Consequentially, the only original English-language reporting from Turkmenistan comes from the IWPR network and occasional broadcasts by the BBC, RFE/RL, or Deutsche Welle. There is little English-language reporting from Turkmenistan.
This scarsity of information and the lack of interest in what little does trickle across the borders is breeding the mistaken impression that Turkmenistan is a stable, relatively prosperous country.
“It’s the exact opposite: it’s not a stable country it should be the richest country probably in the entire greater middle east because it has the largest reserves of oil and natural gas but the reality is that people live in poverty and what’s worse it’s getting worse every year,” says Noubel.
Turkmenistan shares a surprising characteristic with some of the other dark blue spots on Zuckerman’s maps: they are often places where Western economic or security interests exist. The post-9/11 rash of Western media interest in the unstable states of central Asia has already dissipated, says Zuckerman. The same, he says, is true of countries that are allegedly being drawn closer to America and Europe through economic globalisation.
“We are largely unaware of the political situation in these countries that are essentially supporting our daily consumption — our food and clothing etc. There’s a really profound disengagement and alienation going on there,” says Zuckerman.
What worries Zuckerman is that the Internet is, contrary to some expectations, doing little to diversify the sources of information available.
“Assume that on any give day the news wires introduce 200 different stories, and assume that a major paper like the Times or the Guardian picks up 40 or 50 of them. To what extent to bloggers reinforce some of those stories and not reinforce others? Do bloggers catch any of the 150 that the Times decided not to run, or do bloggers catch the 50 that the Times runs?”
In the next stages of his research, Zuckerman plans to compare headlines from the BBC and the New York Times with data from weblog tracking service Technorati, in order to see whether the emerging “citizen media” are merely exacerbating the selection biases of journalism.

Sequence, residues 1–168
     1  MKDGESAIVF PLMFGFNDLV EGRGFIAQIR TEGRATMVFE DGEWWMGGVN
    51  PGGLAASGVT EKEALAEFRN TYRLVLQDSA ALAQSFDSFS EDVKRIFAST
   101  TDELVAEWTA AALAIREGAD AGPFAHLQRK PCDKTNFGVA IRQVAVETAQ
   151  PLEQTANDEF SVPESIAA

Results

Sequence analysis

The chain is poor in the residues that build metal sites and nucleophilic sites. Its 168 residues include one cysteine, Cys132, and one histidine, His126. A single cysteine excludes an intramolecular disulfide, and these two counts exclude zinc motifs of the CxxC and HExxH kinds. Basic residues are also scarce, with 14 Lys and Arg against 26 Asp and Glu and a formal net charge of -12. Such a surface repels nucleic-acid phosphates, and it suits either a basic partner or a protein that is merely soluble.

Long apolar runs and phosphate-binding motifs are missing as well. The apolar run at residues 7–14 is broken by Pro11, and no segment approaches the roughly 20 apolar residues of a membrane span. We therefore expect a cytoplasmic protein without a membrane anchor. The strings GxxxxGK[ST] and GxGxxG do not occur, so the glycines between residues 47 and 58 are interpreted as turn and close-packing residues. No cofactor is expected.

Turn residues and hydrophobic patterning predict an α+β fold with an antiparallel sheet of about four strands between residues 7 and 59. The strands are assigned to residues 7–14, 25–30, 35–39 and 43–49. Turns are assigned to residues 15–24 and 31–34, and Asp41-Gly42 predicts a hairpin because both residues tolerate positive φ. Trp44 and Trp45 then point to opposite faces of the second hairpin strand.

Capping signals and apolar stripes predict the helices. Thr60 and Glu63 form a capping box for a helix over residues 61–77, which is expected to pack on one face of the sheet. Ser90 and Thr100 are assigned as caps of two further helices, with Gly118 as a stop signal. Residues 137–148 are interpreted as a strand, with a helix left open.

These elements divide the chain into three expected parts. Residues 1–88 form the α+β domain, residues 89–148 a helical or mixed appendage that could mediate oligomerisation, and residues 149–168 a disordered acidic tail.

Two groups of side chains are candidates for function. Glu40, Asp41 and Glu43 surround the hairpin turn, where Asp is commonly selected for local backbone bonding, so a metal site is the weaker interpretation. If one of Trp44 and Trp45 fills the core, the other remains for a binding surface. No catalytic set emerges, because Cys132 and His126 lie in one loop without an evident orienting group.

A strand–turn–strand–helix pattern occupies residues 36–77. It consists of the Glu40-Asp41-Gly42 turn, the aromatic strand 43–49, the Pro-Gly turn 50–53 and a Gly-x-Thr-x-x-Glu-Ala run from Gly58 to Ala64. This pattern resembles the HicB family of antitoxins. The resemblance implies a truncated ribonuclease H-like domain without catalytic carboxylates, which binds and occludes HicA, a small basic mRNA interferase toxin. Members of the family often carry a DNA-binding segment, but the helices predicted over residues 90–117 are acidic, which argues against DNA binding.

Zuckerman’s hypothesis is bleak: “My contention is that that way that blogs are working right now is not doing creative new reporting that we might have hoped that they would do, but are largely doing selective amplification.”
“When journalists don’t cover parts of the globe, webloggers are like an amplifier without a guitar — they have no signal to reinforce,” wrote Zuckerman in one paper describing his research.
While it is easy to identify the places where closing all the hospitals fails to become news, its far less obvious how to interest people in shining some light into those dark corners of the world. Zuckerman hopes that personalising the reporting will pique Western readers’ interest.
“It’s really hard to get people to care about Turkmenistan by saying ‘hey, you should really care about Turkmenistan’,” says Zuckerman. “It’s much easier to get someone interested by introducing them to an interesting Turkmen guy — who’s writing in English and saying ‘Gee, our batshit crazy president just closed all the hospitals outside the capital city — let’s talk about the implications of that.”
But that is an unlikely outcome. Turkmenistan’s people have become even more isolated since it was most backward of the Soviet Republics, says Noubel. “There’s an entire new generation that doesn’t speak Russian, has never seen computers, doesn’t know anything about the Internet, cannot leave the country because there are still exit visas — and those people have have no interaction with the outside world,” he says.
The best hope for the echo chamber of non-information may be what Zuckerman calls a “watch-blog”, carefully aggregating what precious little original reporting exists about underreported places. Led by Zuckerman’s Harvard colleague Rebecca McKinnon, a former East Asia correspondent for CNN, a “watch blog” for North Korea has already been established. Perhaps a similar effort is due for the North Korea of central Asia.